The correct answer: “The true infection rate is between 0.36% and 1.21% (with 95% confidence).”

Now, let’s translate this into some astonishing findings:

We hear every day about the number of infected persons. Status for Germany on May 10, 2020: 170,000 people. The unexpressed underlying message we receive with it: Only a very small proportion of all inhabitants has had the virus.

In reality a lot more persons have been infected to date:

  • The real number of people in Germany currently infected is between 300,000 and 1 Million – not at 17,000 as you can calculate from the official numbers
  • Even more interesting: The total number of people once infected is at least 2.9 million (in the illustration the sum of the green and the red part). It may be up to 9.8 million (this is between 4% and 12% of the German population).
  • So, the published numbers are at least underestimating reality by a factor of 17 (!). And it could be 58 (!) times more.

Why the big range from 2.9 million to 9.8? This is typical for statistical data:  The uncertainty is due to the relatively small sample size of 1,724 Soccer League team members who have been tested. (In statistics you can say, the higher your sample size the more precise your conclusion.)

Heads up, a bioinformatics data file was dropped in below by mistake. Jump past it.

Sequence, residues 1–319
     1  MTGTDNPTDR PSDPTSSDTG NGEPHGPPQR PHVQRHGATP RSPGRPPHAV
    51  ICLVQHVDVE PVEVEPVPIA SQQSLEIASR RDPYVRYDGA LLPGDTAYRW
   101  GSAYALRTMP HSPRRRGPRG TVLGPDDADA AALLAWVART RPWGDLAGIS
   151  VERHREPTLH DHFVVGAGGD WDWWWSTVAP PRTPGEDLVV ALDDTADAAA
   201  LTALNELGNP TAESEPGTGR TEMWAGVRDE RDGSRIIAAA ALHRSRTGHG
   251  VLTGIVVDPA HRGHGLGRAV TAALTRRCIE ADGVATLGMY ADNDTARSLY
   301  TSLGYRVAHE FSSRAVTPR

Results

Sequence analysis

What can we learn from it?

The common understanding is that it won’t be possible to stop the pandemic but only to slow it down. The good news from this analysis is that way more people are already through with it (17-58 times more than reported).

Since the actual numbers are so inadequately representing the real situation it is strongly recommended NOT to make decisions based on these. E.g.: If there are more than 50 new cases within 100,000 inhabitants to intensify restrictions may be a completely random and over-anxious reaction. As we have seen this number is wrong by a factor of at least 10.

The bad news: It will take a while and will hit the economy seriously. If the desired rate of ~900 new cases per day (with the existing measurement quality) continues corresponding to at least 16,000 actual new cases we will reach a maximum of 20% infection by September 2020. So, restrictions will continue.

Recommendations

As consultants specialized on effectiveness and efficiency improvements we recommend:

With a planned representative study the data situation should be improved. A study with a sound approach for representativeness and with PCR tests as well as antibody tests which can diagnose who has been infected in the past and has produced antibodies in reaction. This could be used to validate the ratio of recovered vs. active cases.

oConsulting

Please contact us if you have questions on the statistics of our analyses or if you are interested in practical trainings and implementation support in Lean and Six Sigma.

 

[1] We use Germany as a case in point here because of data availability. Surely there is comparable information out there for other countries/regions.

[2] Data used in this blog come from Robert Koch Institute as of May 10, 2020 and published results of Bundesliga and their clubs until 10.05.2020. For ease of reading we have rounded a lot of the numbers quoted here.